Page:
Seminar on the governance of the BRICS countries 2019 was held in Rio de Janeiro, Brazil, October 28, 2019. /VCG Photo

Seminar on the governance of the BRICS countries 2019 was held in Rio de Janeiro, Brazil, October 28, 2019. /VCG Photo

While the dominance of China's position within the group is an advantage in some regards, it does tie up capital and thus other instruments are important in order to realize a fully global China. The Belt and Road Initiative is therefore of great importance.

Frankopan highlights the traditional issues of supply and demand. Seventy percent of hydrocarbons and fossil fuels, 65 percent of wheat, and 85 percent of rice is found East of Istanbul, with 90 percent of the components needed for the production of batteries found in China. Therefore, the need for the investment and development of these new Silk Roads is evident.

Critics of the initiative argue that it is a vehicle for neocolonialism but so many of the commodities required by the nations covered in the initiative require outside investment in infrastructure to deliver. The Asian Development Bank estimates that Asia alone requires 1.7 trillion U.S. dollars of investment per year. The Belt and Road Initiative has so far committed 900 billion U.S. dollars globally, so there is plenty of room for other players.

There is also a growing feeling among East Asian nations that the West is "asleep at the wheel" when it comes to global affairs. Failed military campaigns in the Middle East have sapped enthusiasm for involvement in future operations across the globe; Syria a testament to this. The legacy of the 2008 crash has also caused an introspection in the U.S. and Europe over what capitalism is delivering domestically both economically and politically.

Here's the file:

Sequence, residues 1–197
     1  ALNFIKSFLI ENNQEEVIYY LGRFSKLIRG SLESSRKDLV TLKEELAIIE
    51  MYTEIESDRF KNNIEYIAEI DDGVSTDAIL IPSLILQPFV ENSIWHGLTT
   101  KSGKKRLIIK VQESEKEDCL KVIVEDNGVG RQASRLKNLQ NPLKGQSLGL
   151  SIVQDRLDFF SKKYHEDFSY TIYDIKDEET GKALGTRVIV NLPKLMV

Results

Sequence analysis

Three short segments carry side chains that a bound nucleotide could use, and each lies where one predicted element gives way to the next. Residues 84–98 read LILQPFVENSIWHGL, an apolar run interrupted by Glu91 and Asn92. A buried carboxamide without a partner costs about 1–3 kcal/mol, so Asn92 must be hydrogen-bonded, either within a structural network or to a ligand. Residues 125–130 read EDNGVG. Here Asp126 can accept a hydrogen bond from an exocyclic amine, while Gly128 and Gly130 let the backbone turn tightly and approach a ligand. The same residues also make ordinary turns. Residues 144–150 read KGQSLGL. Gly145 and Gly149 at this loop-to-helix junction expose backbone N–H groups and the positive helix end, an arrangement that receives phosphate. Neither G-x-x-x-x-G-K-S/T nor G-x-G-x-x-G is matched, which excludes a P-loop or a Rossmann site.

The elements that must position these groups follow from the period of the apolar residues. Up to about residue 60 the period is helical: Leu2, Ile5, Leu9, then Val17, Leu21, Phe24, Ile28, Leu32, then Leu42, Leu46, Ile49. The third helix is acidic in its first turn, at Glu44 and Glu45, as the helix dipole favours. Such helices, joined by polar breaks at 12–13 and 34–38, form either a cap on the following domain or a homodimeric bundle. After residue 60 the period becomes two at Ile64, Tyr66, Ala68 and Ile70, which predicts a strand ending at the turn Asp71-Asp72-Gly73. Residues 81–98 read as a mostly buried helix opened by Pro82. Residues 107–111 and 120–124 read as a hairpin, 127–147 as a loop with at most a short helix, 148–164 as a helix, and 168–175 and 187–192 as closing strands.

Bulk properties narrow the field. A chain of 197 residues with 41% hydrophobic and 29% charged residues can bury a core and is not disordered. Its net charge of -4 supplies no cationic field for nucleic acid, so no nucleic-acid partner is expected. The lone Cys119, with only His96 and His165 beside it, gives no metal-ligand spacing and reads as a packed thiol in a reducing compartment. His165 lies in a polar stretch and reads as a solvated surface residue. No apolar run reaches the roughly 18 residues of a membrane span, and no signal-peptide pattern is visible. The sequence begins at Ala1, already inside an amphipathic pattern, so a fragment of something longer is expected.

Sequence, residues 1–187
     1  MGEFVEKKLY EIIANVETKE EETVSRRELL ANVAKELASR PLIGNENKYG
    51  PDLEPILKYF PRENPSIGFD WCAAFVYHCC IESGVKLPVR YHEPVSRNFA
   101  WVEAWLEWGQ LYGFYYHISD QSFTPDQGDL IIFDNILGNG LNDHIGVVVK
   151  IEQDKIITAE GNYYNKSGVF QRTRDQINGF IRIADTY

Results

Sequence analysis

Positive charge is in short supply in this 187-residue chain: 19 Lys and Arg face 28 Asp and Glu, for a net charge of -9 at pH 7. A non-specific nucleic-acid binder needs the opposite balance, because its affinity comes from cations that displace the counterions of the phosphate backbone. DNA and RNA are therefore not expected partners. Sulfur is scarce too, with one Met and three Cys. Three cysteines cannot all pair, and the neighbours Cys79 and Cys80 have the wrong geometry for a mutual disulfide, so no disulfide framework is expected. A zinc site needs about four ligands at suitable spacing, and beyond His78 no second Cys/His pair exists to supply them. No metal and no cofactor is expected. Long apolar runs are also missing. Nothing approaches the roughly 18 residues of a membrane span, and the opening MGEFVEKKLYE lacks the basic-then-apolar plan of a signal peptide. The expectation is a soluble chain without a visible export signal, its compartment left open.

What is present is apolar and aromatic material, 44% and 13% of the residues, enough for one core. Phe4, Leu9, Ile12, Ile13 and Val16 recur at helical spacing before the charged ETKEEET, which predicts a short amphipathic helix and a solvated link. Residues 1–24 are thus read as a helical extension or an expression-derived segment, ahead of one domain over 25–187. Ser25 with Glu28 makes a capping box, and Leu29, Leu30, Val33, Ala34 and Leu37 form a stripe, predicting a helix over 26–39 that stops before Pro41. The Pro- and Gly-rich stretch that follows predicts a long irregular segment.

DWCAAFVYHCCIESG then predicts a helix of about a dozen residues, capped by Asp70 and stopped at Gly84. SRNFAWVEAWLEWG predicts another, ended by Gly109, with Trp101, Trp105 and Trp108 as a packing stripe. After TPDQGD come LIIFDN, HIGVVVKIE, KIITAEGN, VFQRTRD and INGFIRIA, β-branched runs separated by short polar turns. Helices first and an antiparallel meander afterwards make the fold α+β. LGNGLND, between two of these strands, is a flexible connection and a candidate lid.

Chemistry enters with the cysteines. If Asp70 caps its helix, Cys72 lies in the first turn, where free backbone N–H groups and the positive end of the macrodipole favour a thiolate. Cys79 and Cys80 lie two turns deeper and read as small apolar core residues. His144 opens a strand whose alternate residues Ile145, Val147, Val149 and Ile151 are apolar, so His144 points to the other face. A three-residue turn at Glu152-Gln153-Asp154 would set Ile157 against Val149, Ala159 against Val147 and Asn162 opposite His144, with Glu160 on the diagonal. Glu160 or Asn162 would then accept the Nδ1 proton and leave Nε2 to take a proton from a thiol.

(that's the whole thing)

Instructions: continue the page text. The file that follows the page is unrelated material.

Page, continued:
In line with this, U.S. President Donald Trump has arguably overseen an international disengagement, scrapping the Iran Nuclear Deal, the Paris Climate Accord, NAFTA and the TPP. This has caused the rest of the world to think beyond the U.S. as its source of investment and arbitration, consequently creating the need for a new organization.

Former German Foreign Minister Sigmar Gabriel stated that "the only country in the world with any sort of genuinely global geo-strategic concept is China." China will need to use a variety of the tools in its arsenal in order to achieve its global ambitions though. BRICS offers strong future potential and will be of great importance, but with a completion date of the 100th anniversary of the People's Republic of China, the BRI is China's key to success. It is illustrative that the initiative's rival; the 'Free and Open Indo-Pacific' strategy is still very much in its infancy with a confused agenda beyond the desire to contain Chinese expansion at the price of Western influence.